[fusion_builder_container hundred_percent=”yes” overflow=”visible”][fusion_builder_row][fusion_builder_column type=”1_1″ background_position=”left top” background_color=”” border_size=”” border_color=”” border_style=”solid” spacing=”yes” background_image=”” background_repeat=”no-repeat” padding=”” margin_top=”0px” margin_bottom=”0px” class=”” id=”” animation_type=”” animation_speed=”0.3″ animation_direction=”left” hide_on_mobile=”no” center_content=”no” min_height=”none”][IN THE NEWS] “We are ready,” was the message echoed by all the speakers at Wednesday’s opening of the 41st National Festival of the Arts.
In their report about the evening, the EP Herald said that guests had included Eastern Cape premier Phumulo Masualle, Deputy Arts and Culture Minister Rejoice Mabudafhasi, Eastern Cape Arts and Culture MEC Pemmy Majodina and Makana mayor Zamuxolo Peter.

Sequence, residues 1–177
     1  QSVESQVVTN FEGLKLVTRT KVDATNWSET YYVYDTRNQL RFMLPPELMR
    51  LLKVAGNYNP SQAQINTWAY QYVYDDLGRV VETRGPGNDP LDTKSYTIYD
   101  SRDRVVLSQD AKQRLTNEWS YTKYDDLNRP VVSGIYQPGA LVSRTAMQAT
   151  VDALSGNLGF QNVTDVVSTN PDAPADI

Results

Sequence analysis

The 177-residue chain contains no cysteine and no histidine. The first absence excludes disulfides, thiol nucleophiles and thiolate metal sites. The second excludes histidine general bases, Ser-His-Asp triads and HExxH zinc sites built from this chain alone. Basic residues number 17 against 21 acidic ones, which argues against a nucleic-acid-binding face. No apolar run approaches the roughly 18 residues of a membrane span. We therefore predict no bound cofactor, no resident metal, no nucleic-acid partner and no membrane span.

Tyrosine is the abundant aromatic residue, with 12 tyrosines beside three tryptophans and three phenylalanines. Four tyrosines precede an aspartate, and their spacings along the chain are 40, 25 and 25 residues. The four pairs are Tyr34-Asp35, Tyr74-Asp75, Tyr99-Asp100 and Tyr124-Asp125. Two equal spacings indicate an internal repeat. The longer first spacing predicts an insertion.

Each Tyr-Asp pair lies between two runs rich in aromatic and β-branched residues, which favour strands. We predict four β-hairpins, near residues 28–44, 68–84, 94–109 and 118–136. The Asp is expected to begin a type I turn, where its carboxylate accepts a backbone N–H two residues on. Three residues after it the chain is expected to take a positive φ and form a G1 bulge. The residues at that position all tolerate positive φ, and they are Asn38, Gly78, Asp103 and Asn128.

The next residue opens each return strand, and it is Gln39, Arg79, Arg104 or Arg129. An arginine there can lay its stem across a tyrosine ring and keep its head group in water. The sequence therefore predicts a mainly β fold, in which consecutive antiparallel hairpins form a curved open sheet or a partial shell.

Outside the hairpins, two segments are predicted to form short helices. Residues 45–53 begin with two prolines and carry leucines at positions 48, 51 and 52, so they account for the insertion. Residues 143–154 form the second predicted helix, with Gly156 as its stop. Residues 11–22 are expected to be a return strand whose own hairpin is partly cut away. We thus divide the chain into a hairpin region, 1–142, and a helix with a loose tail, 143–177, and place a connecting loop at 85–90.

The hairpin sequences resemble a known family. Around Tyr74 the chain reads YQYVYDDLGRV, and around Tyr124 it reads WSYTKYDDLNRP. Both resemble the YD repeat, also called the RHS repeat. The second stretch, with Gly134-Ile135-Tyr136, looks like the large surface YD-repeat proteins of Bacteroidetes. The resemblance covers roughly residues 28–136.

Masualle said the Festival forced Eastern Cape residents to reflect on who they are, where they come from and how they will use that to shape the future:
‘Our country would not be what it is if we didn’t have the arts,” Masualle said. “Our country would not be what it is without the works of people like Abdullah Ibrahim, George Pemba and Miriam Makeba who developed the arts and shaped the country into what it is today.’
The newspaper reported that a social economic impact study the Festival commissioned in 2013 showed that the Festival contributes R350-million to the Eastern Cape economy, and R90-million to the Makana economy. “So we thank the festival-goers and urge them to continue and take the spirit of the festival home and return next year,” Masualle reportedly said.